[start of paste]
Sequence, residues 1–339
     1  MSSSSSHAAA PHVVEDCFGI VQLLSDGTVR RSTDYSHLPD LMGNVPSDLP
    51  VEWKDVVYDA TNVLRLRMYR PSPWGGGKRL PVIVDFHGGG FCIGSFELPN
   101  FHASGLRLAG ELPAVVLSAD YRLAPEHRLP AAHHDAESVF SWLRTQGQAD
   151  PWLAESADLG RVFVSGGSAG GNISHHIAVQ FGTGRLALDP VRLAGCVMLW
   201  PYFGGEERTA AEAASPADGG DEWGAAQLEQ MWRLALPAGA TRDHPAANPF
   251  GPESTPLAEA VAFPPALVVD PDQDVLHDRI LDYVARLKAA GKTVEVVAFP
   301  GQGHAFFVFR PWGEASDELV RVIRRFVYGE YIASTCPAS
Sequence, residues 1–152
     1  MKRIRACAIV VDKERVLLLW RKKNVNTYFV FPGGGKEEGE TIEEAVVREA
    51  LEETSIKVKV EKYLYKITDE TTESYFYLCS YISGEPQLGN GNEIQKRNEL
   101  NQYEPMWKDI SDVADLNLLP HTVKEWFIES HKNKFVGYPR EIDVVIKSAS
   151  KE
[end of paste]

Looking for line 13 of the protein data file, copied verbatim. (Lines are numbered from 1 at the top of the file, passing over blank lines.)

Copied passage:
   151  KE